Two Tiger Reserves in Tamil Nadu Earn the Global Elite Title
Two tiger reserves in Tamil Nadu earn the Conservation Assured Tiger Standards (CATS) title, for conservation and management of tigers, as 12 other reserves in the country also bag the title. Mudumalai and Anamalai Tiger Reserves have received the global elite tag for best tiger conservation, located at Pollachi near Coimbatore and Nilgiris, respectively. Reportedly, Anamalai is home to 20 tigers while at Mudumalai the number is 103.
Launched by the global coalition of Tiger Range Countries (TRCs), it is a set of standards for effective management and assessment of management practices for effective conservation of the target species.
Anamalai Tiger Reserve is one of the largest landscapes stretching over 958.59 sq. km and grassland rising to 2400m and spilling over the Western Ghats into Kerala between Kodaikanal and Coimbatore. The Mudumalai Tiger Reserve is spread over 321 sq. km and it plays an important role by forming part of Nilgiris Biosphere reserve.
K K Kaushal, field director of Mudumalai Tiger Reserve (MTR) said that there has not been any organized poaching in the last decade. The reserve has a well-protected, naturally endowed biodiversity hotspot with a good prey population of spotted deer and gaurs.
Only 14 reserves made through the accreditation exercise by India’s National Tiger Conservation Authority (NTCA) under CATS, including Parambikulam in Kerala, Bandipur in Karnataka, and Manas, Kaziranga and Orang in Assam. Surprisingly, other well-known reserves like Corbett, Ranthambore and Bandhavgarh did not get the tag.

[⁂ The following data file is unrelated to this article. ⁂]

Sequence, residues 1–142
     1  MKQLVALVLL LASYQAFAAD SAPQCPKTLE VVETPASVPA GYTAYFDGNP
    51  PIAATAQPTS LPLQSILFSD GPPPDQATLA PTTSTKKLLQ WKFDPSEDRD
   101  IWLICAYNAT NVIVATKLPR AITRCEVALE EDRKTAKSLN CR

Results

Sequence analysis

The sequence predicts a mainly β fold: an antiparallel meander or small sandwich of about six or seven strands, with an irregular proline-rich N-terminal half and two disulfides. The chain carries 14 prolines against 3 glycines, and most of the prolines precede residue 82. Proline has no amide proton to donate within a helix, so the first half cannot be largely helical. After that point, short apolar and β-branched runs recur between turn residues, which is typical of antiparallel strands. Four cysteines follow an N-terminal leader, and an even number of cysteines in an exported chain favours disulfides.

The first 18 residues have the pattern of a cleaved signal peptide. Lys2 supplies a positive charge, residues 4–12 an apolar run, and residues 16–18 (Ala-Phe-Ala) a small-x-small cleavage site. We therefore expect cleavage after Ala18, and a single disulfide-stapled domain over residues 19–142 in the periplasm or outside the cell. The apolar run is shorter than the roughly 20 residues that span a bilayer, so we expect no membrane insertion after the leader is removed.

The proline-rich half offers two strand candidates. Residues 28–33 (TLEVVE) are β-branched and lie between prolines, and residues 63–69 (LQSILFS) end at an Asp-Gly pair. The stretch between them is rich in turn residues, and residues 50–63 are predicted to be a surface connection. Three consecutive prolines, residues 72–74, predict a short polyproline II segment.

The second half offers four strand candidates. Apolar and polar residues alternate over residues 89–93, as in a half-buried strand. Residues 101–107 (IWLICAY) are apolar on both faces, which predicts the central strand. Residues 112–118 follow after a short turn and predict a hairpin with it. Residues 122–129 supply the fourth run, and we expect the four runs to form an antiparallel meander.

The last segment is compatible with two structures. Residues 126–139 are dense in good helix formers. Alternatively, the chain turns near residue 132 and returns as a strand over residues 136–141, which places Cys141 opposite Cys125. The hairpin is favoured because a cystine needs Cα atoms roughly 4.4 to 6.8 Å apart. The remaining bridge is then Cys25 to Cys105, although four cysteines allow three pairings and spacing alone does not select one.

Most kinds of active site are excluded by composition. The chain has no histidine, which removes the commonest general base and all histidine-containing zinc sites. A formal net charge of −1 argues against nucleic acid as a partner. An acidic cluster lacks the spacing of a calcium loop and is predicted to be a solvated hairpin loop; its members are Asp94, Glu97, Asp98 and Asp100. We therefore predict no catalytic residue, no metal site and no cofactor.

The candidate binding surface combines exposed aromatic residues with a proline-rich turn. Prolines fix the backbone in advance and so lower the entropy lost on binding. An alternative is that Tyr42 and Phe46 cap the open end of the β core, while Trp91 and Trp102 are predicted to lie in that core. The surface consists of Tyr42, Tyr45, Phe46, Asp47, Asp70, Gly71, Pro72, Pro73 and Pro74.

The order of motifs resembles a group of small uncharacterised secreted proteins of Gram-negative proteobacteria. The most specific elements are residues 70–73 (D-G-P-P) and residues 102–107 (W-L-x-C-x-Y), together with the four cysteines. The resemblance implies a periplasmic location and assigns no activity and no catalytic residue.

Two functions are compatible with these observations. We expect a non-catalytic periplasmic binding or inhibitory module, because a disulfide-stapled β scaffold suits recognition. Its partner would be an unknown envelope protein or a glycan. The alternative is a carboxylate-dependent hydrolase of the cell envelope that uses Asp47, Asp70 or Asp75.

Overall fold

I. Anwardeen, Additional Principal Chief Conservator of Forests (APCCF) Coimbatore circle, now posted as APCCF Working Plan, Chennai, said;
It’s an exercise that helps us improve and ensures that we don’t fall behind in any parameters defined by tiger conservation experts. The performance of the institution has been assessed based on certain indicators. We have been doing well because of a concerted, holistic, conservation-centric activity continued over the years.
A recent tiger census revealed that India has 2,967 individuals, which is 70 percent of the entire world’s tiger population. Contrarily, there was a time when around 50,000 tigers roamed the forests across the country.
While the numbers have dwindle drastically since a couple of decades, attaining a CATS title might inspire these tiger sanctuaries and others to do well for tiger protection and help increase their populations.
Via: The Hindu